STEUBENVILLE - Local businessman Mark Nelson found his candidate Monday morning during a 70-minute Rick Santorum presidential campaign rally at Froehlich's Classic Corner restaurant.
His wife Gretchen Nelson was still undecided after the event that saw approximately 500 people fill the restaurant banquet room, while other supporters stood in a nearby parking lot to listen to the Republican contender's speech.
"I thought Senator Santorum was very positive in his speech. He is for freedom and the growth of business. He has good ideas on how we can keep the cost of domestic energy down and he is calling for responsible stewardship of our energy program. I am supporting him because I believe he is the answer for America," said Mark Nelson.
RALLY — Republican presidential contender Rick Santorum speaks during Monday’s rally at Froehlich’s Classic Corner in Steubenville. -- Linda Harris
"I'm still not sure but he said two things I really liked. His comments about freedom isn't something you can do. Freedom is what you ought to do. I also liked his comments about building strong families again in America," said Gretchen Nelson.
Shirley Schalk of Steubenville described Santorum, "as a David against Goliath. And this lion is going to roar. This is a great day for Steubenville."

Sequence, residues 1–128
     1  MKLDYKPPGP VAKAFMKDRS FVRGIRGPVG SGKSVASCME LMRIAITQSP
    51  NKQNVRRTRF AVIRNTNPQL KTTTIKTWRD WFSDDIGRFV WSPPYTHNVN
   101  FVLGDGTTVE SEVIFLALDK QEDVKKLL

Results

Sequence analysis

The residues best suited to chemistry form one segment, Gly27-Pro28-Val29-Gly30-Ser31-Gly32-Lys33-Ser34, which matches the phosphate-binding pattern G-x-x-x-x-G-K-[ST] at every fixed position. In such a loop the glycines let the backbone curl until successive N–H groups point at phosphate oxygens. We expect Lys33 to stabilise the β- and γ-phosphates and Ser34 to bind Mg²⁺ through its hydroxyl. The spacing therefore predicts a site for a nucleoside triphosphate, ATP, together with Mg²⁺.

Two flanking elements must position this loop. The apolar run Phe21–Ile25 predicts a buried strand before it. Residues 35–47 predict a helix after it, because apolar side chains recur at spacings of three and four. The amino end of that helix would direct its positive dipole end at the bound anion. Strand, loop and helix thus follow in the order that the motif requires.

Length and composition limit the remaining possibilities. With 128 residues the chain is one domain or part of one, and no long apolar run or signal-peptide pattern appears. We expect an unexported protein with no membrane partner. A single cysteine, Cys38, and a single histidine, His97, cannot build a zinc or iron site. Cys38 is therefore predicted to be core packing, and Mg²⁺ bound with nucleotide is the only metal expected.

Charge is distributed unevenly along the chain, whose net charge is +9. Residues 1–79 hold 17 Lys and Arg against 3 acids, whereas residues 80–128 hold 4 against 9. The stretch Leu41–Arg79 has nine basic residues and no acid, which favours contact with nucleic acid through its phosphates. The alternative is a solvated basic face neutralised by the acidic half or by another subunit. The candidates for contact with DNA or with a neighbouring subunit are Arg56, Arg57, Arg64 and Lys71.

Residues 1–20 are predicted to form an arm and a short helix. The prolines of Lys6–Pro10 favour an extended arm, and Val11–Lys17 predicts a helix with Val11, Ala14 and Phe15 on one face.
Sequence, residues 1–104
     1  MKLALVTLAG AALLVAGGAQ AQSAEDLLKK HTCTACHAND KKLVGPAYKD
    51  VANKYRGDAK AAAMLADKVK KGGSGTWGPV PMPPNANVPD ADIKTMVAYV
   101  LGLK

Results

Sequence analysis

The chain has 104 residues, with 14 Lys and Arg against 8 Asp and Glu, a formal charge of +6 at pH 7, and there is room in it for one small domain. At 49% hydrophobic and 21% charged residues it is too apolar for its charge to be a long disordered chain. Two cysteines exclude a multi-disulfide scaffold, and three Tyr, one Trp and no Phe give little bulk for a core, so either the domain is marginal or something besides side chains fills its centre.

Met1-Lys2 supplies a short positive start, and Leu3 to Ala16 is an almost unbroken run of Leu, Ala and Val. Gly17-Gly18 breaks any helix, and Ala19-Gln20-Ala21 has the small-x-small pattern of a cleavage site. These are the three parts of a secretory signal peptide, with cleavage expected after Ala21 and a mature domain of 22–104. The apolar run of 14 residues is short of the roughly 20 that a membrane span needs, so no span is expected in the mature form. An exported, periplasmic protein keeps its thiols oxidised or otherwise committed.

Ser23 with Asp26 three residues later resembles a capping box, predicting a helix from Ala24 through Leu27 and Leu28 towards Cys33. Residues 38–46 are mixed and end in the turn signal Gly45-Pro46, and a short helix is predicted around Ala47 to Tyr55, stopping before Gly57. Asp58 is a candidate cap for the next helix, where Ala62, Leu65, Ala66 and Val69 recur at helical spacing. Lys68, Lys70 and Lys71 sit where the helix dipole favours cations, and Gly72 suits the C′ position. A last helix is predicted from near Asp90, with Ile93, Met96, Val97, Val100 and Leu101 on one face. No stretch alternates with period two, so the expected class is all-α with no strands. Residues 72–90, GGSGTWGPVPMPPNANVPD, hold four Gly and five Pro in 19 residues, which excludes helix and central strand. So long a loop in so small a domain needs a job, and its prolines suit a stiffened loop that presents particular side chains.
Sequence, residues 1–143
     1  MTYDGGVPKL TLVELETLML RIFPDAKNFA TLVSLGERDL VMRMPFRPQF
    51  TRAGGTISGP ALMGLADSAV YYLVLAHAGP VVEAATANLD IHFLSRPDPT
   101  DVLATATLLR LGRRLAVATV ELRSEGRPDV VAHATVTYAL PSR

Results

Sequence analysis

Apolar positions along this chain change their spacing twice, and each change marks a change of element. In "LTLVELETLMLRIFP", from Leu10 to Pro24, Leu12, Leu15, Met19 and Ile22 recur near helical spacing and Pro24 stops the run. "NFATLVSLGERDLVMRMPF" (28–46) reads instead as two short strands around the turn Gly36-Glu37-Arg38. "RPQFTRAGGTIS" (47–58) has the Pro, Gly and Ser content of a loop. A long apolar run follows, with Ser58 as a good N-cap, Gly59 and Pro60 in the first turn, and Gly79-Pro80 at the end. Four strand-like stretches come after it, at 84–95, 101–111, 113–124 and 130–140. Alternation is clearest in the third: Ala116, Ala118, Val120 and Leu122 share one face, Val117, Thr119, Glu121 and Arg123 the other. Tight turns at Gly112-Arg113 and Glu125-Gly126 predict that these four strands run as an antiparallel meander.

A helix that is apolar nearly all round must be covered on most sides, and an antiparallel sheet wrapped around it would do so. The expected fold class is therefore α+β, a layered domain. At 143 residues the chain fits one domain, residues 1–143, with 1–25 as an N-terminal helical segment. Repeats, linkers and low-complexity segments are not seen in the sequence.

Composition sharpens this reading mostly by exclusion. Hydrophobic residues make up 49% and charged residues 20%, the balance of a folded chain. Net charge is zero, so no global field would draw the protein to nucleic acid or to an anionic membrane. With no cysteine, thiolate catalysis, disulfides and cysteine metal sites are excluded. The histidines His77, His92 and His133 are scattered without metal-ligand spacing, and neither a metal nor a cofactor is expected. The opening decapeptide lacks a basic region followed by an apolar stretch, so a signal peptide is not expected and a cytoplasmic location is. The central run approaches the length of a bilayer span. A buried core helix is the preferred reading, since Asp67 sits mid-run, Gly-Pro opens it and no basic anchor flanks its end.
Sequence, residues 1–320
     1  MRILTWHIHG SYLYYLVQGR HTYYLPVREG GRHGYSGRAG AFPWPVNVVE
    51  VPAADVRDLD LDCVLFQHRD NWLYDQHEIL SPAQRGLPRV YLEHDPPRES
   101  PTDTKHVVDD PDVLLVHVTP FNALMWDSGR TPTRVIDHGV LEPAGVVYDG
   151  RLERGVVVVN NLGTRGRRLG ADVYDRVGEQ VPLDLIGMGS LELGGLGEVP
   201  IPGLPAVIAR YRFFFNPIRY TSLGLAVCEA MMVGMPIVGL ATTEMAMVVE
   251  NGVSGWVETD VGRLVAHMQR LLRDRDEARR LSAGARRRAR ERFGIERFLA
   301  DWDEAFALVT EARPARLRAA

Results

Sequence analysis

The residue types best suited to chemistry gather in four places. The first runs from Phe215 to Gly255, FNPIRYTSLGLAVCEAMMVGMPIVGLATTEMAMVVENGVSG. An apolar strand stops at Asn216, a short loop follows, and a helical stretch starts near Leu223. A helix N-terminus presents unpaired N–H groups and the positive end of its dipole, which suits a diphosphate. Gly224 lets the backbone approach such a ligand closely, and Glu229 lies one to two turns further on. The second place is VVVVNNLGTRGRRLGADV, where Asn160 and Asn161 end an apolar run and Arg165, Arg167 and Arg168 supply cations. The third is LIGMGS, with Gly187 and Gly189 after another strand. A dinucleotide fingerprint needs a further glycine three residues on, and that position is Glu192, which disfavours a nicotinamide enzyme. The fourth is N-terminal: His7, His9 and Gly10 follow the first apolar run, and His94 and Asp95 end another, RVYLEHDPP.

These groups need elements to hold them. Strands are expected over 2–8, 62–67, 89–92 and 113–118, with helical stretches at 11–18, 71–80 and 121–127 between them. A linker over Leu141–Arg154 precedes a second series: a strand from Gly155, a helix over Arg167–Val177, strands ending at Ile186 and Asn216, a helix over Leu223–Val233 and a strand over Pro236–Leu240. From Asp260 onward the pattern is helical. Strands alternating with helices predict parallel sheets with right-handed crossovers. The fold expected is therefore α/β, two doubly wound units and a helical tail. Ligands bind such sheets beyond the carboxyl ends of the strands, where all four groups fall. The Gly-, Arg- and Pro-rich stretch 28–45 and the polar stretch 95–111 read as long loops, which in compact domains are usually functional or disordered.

Santorum almost immediately acknowledged the strong Franciscan University of Steubenville presence at the campaign rally.
"Its great to be here. Thank you Steubenville Franciscan. We love you. It's good to be back here. You have a gem in the university here in the Ohio Valley. You are a beacon of light for the country and the Catholic church," Santorum told the audience.
He also recognized Ohio Attorney General Mike DeWine, who announced Friday he was switching his support from Republican candidate Mitt Romney to Santorum.
"I believe he has the best chance of beating Barack Obama. I have known Rick and Karen for about 20 years and what you see is what you get. Rick Santorum has core values that don't change. He is a conservative who is pro-life, pro-gun and pro-family. Rick can win in Ohio because the average Republicans like what they see in Santorum," DeWine said prior to the rally.
"And Rick Santorum is ready to stop the deficit spending in the federal government," added DeWine.
Santorum told the standing-room-only crowd he will need five years to erase the federal deficit.
"It wasn't created in one year and we can't erase it in one year. But we can reduce the deficit over a five-year period," said Santorum.
Santorum also found common ground with the rally supporters when he said the presidential race "is about freedom. Freedom to believe in what you want to believe in. The president and his cabinet talk about freedom of worship, not freedom of religion."
Santorum was accompanied by his wife and three of his seven children during his approximately one-hour stop in the city. Later he attended noon Mass at the Christ the King Chapel on the Franciscan University of Steubenville.